• Sammy O'Neill 9th Jun '15 - 4:17pm

    I think we will be lucky to win any seats in the assembly as it stands. We have no hope in any of the constituency seats, whilst on the list seats we were dangerously close to losing them in 2012. With the momentum the Greens have gained I suspect they’ll take at least one of our seats with a substantial rise in their vote, whilst UKIP are probably a shoe in for the other as I doubt they’ll fail to pass the 5% threshold again.

    Realistically I think this election needs to be spent on experimenting with new campaign techniques and focusing on areas with potential for liberal growth in the long term. The demographics in London have shifted heavily against the Lib Dems and that is only going to continue.

  • Caron painted me as Mr Gloom and Doom, when I forecast the near wipeout last month. Yet I have a bit of hope this month for the future, only a bit though because it is going to take a long time to tuern around what the last regime apparently under Lord Ashdown has left us with.
    Much depends on the leadership election, a forward looking new approach or the steady as you go state of mind, ( great what we did in the cioalition etc). The former may play better with potential Green and some Labour voters and save us , maybe, that London Assembly seat and get a small foot back in the door where we used to be so strong, especially the likes of Liverpool and Manchester, Sheffield, Hull etc.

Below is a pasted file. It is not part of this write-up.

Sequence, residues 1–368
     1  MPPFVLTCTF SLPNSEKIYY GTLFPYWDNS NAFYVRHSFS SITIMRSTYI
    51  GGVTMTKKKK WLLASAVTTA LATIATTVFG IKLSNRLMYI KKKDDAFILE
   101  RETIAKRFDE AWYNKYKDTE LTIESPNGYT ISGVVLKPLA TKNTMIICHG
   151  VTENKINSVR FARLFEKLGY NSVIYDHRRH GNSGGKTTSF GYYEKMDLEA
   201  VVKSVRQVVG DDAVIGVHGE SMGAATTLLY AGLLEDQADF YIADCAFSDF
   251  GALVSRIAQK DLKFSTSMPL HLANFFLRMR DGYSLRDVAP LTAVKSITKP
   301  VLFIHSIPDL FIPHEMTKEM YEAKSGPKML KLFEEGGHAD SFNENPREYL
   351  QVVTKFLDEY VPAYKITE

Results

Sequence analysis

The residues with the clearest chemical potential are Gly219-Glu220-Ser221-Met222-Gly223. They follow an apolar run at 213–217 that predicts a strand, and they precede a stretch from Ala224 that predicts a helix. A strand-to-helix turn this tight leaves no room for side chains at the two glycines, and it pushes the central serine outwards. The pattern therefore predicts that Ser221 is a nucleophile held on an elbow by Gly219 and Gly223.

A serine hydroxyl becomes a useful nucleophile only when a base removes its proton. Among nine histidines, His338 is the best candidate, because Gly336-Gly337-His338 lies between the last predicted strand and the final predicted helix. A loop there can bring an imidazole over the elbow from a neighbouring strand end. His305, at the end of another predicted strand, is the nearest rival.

A by election in Richmond Park might also help.

  • Mike Tuffrey 10th Jun '15 - 7:51am

    Simon: on short-listing, as ‘LibDem lawyer’ says, it’s about practicality and so having a testing process for getting there.

    Sammy O’Neill: agree about new techniques and looking long term; disagree about not winning anything: don’t forget it’s a proportional system and if we get the campaigning right, we can definitely go up from the two last time which was 2012, mid-coalition blues, national issues uppermost etc

  • Simon McGrath 10th Jun '15 - 8:02am

    Thanks MIke – Would be much better to let the members decide, even if it makes the process more messy.